House GOP: Repeal ethanol mandate

[Oregon House Republicans Release}
HOUSE REPUBLICANS TO SEEK REPEAL OF ETHANOL MANDATE;
INCREASE MPG, BRING RELIEF AT THE PUMP

SALEM”” With Oregonians experiencing lower fuel efficiency and higher gas and food prices, House Republicans today announced a plan to repeal Oregon’s ethanol mandate. Estimates suggest the mandate has reduced gas mileage in vehicles and is costing Oregon drivers hundreds of dollars more at the pump.

“Oregonians are suffering from the unintended consequences of this new law,” said Rep. George Gilman (R-Medford), the proposal’s chief sponsor. “In 2009, we will work to repeal this costly ethanol mandate that is failing to work for Oregon.”

“Everyone recognizes the potential of biofuels as a renewable energy source, but the mandated use of corn-based ethanol is causing more problems than it is solving,” said Rep. Chuck Burley (R-Bend), Vice Chair of the House Energy Committee. “Our proposal offers Oregonians relief from this mandate. It also allows the Legislature to seek and promote more efficient sources of energy to power our state.”

Rep. Burley said ethanol’s impact on food prices, aviation sector fuels, and other costs were not discussed during the committee hearing process. “Sometimes these new initiatives, though well intentioned, need to be better vetted in the legislative process,” he added.

State and federal ethanol mandates are putting further pressure on Oregon families during the current recession. Rep. Gene Whisnant (R-Sunriver) said that the mandates must be repealed because they are leading to higher food costs.

“In addition to increasing energy costs, ethanol mandates and skyrocketing corn prices have reduced food production across the country,” Rep. Whisnant said. “As a result, Oregonians are paying more for their most basic necessities. Now that we’re seeing the results of this law, it’s time to repeal the mandate before it does more harm to working families.”

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Posted by at 10:14 | Posted in Measure 37 | 19 Comments |Email This Post Email This Post |Print This Post Print This Post
  • Steve Plunk

    Bravo to Gilman, Burley, and Whisnant. Ethanol is doing more damage than good so the choice is obvious.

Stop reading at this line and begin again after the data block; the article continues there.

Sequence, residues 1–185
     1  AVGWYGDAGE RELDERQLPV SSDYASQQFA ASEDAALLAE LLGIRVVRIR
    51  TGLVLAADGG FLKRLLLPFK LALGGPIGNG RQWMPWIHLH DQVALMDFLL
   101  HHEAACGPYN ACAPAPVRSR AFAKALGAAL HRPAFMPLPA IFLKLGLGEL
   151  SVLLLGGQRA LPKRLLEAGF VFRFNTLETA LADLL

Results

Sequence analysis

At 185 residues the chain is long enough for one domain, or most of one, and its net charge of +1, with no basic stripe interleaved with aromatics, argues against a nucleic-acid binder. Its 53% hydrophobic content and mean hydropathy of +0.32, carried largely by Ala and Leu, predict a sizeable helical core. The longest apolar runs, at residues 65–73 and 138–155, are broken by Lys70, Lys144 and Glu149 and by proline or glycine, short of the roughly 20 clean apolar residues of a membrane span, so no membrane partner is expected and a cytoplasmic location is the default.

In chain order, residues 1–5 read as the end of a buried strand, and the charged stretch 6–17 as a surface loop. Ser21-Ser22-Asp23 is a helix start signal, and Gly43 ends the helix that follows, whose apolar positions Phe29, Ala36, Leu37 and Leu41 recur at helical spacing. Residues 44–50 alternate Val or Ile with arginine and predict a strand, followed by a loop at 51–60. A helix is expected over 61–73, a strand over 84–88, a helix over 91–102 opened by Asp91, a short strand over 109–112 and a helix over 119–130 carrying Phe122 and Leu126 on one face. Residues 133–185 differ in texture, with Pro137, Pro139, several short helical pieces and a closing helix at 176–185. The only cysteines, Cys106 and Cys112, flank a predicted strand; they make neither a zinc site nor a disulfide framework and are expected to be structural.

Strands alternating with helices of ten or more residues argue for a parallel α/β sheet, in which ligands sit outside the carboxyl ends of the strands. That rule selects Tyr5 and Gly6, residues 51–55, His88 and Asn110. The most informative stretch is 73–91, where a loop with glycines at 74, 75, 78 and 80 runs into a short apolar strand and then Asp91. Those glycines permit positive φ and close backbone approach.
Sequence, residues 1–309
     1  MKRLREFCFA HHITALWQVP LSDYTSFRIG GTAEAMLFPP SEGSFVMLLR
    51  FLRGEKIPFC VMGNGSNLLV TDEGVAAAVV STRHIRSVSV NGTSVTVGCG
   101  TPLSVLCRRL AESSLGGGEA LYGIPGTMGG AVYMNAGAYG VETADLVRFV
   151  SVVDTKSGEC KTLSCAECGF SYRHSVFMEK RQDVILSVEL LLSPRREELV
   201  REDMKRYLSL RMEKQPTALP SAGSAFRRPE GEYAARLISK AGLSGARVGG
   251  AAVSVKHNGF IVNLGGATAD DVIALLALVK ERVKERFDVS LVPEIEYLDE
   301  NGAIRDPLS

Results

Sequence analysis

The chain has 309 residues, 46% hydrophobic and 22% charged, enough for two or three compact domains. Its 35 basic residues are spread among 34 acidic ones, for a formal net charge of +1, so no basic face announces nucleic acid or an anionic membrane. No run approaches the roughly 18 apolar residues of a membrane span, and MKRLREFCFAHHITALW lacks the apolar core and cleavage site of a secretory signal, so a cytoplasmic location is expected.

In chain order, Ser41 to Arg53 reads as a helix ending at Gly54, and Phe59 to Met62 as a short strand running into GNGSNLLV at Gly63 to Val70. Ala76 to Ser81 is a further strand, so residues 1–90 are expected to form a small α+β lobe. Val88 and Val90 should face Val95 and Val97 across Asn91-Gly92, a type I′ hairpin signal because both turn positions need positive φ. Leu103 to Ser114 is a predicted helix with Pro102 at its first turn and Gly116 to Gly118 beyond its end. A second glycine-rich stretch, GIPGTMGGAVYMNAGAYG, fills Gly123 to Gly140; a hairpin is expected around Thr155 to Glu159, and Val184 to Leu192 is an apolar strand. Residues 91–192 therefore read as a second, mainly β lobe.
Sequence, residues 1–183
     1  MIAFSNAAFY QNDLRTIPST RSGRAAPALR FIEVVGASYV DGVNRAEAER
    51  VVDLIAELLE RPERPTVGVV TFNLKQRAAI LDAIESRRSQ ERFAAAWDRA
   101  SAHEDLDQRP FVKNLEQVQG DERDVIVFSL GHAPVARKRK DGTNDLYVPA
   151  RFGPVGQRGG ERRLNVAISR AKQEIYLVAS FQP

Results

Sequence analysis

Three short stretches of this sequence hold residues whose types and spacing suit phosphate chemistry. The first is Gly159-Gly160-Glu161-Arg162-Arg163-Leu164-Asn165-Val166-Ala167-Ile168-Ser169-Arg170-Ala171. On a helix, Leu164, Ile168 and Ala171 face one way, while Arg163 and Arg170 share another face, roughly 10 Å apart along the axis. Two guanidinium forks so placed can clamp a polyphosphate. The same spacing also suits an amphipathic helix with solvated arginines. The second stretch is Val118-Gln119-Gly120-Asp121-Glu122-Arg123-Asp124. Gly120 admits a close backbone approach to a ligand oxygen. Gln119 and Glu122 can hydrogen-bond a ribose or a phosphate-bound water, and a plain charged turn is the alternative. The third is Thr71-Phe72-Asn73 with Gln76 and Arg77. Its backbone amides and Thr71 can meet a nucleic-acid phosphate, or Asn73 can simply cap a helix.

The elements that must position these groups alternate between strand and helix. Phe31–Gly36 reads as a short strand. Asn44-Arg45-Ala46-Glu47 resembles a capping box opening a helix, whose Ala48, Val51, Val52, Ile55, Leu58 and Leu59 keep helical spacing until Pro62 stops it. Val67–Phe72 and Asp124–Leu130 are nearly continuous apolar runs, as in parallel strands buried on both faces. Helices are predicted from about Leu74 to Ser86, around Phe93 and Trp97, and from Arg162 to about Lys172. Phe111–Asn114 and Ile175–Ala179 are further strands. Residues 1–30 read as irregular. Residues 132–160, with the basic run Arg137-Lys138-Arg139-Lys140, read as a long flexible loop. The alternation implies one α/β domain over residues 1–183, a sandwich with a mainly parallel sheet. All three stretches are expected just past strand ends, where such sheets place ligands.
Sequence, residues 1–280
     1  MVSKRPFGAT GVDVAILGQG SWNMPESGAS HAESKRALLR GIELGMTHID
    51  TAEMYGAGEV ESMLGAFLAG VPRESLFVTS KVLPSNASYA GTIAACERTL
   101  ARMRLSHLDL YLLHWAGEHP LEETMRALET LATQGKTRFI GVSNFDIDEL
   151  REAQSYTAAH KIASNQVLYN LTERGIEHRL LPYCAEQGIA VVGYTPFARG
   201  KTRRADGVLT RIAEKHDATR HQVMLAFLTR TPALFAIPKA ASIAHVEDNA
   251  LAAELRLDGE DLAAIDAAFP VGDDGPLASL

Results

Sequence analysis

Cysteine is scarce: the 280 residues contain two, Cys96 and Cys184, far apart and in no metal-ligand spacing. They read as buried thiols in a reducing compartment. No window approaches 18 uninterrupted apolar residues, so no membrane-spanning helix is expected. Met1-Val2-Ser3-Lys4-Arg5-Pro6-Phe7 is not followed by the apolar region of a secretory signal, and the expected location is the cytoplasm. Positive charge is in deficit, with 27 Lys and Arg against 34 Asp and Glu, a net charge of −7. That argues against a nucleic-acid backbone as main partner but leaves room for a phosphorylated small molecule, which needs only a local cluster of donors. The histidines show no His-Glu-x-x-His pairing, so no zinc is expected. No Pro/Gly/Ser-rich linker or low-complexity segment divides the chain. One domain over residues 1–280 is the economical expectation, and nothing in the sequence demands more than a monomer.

It’s also time to learn a lesson about unintended consequences and the pitfalls of fashionable legislation.

    • Leota McKenzie

      I am a gas station attendant in Douglas County, Oregon.
      First Oregonians need to realize, WE DID NOT GET TO VOTE ON THIS FUEL INTIATIVE! Sure, we all want to help save our State & Country. But, hiding the Fuel bills under the Green house Plan, was wrong. Our state is out numbered when voting- due to the imbalance of voters in the metropolis areas. So, Portland and the other towns determine what we get all over the state- not fair. Second, This HB 2210, was a good idea for Wind & Solar power alternatives however, WE DID NOT GET TO VOTE ON IT! What happened here! The Democrats determined they knew what was right for us? Come on people, how can securing exclusive corn growers for manufacturing Ethanol be productive to our state? We are paying for the DEQ to monitor this and it’s distrubution… Read the Green house Plan.
      24 Legislative House Bills, seven of which are for the manufacture, distibution, monitoring of the Bio Fuel/ Ethanol. One for making it illegal to pump NON Ethanol into a vehicle manufactured after 1955, one to – oh yeah- MAKE IT STATE LAW WE HAVE TO SELL IT, another for the Vehicle Emmission Act- That takes effect January 2009. This is more than an Enviromental issue, here folks. Our right to vote was stripped away from us. Then we are FORCED to pay more for this Ethanol and Pay again with the damages it has done to our vehicles and 2 cycle engines! I see the people suffering at the pumps with these outrageous prices- we are still at $3.829 a gallon and that is ludicrous! We are paying for Ethanol to be pumped in our state, paying again for it to be made, monitored and distibuted and paying for damages, then we pay for the lack of corn in our markets! What part of STUPID, do you not get? I might be just a Gas Attendant but I can read. And this has got to be recalled. Please, It is distroying our small communities. People can’t afford to pay for these extra prices much longer. Oh, don’t forget that of these seven bills, there is another for licensing & registering our vehicles in January of 2009, if our vehicle does not comply with the Emmisions Act we can’t register it! Oh, the DEQ monitors this also. The HB 2210, had good intentions, but it never should have been “lumped” in one big Bill. Break it up, say it for what it is. Let the people vote on it. How did this get to be State Laws when we did not vote for it? Am I missing something? Or did The State Legislature buy into the Hype of it all?

      • Beth